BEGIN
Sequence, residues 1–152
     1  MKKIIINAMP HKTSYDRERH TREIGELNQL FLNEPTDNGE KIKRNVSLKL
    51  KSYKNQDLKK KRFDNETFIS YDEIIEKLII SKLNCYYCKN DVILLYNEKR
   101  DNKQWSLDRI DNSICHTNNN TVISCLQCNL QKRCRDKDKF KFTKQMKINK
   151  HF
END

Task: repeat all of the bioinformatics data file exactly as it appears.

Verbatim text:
Sequence, residues 1–152
     1  MKKIIINAMP HKTSYDRERH TREIGELNQL FLNEPTDNGE KIKRNVSLKL
    51  KSYKNQDLKK KRFDNETFIS YDEIIEKLII SKLNCYYCKN DVILLYNEKR
   101  DNKQWSLDRI DNSICHTNNN TVISCLQCNL QKRCRDKDKF KFTKQMKINK
   151  HF